Were you to have been asked that question some years ago, the answer most likely would have bee “I’m not sure”....
Major Oil Company Chooses Tokenization to Achieve PCI Compliance
This oil company is one of the largest in the world and ranks among the top 10 companies in the Fortune Global 500. In the United States, they run a vast POS network on mission-critical systems that include nearly 14,000 gas stations. At peak levels, this system processes 225 transactions per second. They also run a customer rewards program that requires the scanning and authorization of customer cards. The rewards program keeps track of every time a customer uses one of their gas stations, which over time has generated a large volume of data.
What were the key challenges?
PCI compliance without compensating controls
The main goal was to tokenize cardholder data throughout the payments network in accordance with PCI requirements. Up until this point, the company had been relying on compensating controls, which were becoming costly and impractical.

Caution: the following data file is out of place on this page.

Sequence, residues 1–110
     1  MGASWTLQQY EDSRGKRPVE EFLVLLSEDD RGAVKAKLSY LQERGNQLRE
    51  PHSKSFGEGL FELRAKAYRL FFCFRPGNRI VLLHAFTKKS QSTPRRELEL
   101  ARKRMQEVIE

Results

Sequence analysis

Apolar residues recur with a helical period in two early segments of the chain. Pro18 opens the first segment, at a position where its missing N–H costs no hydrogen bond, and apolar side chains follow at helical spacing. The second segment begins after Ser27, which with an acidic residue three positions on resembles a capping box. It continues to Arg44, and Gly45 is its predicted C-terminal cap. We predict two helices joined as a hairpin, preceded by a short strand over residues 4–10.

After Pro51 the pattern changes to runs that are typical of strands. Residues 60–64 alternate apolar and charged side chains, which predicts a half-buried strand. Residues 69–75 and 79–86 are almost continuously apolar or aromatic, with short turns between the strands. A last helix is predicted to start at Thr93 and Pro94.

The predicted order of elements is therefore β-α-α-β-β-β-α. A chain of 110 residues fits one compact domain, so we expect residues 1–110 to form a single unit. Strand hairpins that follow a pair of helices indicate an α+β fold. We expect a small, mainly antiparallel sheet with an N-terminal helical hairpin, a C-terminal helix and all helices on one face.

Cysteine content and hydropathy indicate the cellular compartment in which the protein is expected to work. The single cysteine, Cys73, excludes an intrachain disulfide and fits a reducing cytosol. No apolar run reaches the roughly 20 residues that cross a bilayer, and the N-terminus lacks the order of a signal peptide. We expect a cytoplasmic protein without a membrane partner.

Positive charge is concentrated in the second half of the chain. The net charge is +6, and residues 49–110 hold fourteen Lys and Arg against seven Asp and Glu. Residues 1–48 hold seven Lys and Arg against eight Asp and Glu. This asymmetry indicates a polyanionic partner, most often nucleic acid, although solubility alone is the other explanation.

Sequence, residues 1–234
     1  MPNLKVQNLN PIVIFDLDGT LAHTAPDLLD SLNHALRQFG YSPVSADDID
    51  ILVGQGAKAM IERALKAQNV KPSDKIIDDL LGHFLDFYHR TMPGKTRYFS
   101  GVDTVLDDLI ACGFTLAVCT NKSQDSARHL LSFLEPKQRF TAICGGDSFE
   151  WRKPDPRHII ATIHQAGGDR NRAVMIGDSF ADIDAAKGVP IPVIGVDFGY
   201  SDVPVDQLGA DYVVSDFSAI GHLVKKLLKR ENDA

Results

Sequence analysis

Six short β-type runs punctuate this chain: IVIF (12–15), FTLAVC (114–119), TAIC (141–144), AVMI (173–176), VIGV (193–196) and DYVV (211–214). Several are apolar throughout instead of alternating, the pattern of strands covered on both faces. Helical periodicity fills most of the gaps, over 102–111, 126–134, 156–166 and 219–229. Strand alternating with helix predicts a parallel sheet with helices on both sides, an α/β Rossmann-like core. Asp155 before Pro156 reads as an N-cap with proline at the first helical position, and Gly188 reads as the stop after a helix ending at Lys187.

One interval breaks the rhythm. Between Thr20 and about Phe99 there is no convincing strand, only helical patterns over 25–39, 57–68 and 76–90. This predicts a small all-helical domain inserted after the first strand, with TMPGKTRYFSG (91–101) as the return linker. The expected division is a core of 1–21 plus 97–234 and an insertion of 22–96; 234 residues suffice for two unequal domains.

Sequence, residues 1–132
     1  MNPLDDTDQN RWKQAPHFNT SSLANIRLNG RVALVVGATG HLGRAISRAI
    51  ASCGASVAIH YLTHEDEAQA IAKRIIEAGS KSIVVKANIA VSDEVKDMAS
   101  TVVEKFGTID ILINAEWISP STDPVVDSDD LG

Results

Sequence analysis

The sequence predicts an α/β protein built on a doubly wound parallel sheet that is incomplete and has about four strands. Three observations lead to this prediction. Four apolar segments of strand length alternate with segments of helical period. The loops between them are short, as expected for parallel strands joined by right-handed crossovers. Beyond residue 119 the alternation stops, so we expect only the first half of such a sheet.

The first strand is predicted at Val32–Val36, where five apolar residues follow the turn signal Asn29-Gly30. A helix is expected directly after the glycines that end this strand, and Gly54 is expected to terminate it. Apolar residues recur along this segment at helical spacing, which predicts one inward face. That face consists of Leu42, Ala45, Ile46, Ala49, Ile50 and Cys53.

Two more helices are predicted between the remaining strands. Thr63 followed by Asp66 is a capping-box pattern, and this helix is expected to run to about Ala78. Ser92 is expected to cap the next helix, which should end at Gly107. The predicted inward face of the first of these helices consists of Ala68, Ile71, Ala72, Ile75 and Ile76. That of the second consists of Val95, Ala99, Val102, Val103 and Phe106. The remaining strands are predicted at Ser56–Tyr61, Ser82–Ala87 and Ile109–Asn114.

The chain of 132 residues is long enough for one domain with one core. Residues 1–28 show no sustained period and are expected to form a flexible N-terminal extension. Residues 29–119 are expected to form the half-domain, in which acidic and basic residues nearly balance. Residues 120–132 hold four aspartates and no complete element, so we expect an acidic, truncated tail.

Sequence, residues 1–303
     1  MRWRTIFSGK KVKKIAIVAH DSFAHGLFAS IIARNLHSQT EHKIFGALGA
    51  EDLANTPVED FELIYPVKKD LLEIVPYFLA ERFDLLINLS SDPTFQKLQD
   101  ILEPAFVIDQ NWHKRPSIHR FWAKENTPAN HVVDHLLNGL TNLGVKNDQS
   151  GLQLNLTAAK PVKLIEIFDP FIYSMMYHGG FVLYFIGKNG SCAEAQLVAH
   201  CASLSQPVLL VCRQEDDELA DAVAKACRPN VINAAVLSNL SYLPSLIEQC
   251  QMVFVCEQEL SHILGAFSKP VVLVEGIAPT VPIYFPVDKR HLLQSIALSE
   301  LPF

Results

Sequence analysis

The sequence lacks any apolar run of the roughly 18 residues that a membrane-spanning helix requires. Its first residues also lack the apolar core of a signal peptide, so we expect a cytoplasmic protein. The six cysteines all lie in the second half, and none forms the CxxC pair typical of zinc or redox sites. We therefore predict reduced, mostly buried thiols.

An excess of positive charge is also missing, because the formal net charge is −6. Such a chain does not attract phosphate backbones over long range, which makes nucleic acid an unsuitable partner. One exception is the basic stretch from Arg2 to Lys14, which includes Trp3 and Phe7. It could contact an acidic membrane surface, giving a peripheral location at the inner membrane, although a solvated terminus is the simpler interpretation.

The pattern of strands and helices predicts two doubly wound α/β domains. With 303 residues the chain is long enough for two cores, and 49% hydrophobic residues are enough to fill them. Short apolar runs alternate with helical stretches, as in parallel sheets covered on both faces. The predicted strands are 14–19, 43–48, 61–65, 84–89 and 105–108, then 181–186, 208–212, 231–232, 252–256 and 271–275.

PCI Requirement 3.4 stipulates that payment account numbers (PANs) must be rendered unreadable anywhere they are stored and, according to Requirement 4.1, cardholder data must also be protected when transmitted. This means the data has to be protected while in motion and at rest.
Maintain service levels on high volume network
An additional challenge was that the system had to stay online throughout implementation and without impacting service levels. At peak service levels the system handles up to 225 transactions per second and up to 100 million USD in a single day. In an average month, the system manages approximately 2-4 billion dollars’ worth of transactions. Any interruption of service would be extremely costly.
Deploy on a highly complex environment
The company uses a combination of ACI’s Base24 Classic and BASE24-eps on its mission-critical systems. Implementation on BASE24 Classic was especially complicated in this situation as the company had extensively modified their BASE24 Classic configuration to accommodate their specific business needs. In addition, the servers are in active/active mode so that traffic is constantly balanced across both systems and freely bouncing back and forth. This meant deployment had to be done in a running, truly NonStop production environment.
Click below to download the case study to find out how this HPE NonStop user successfully mastered these challenges.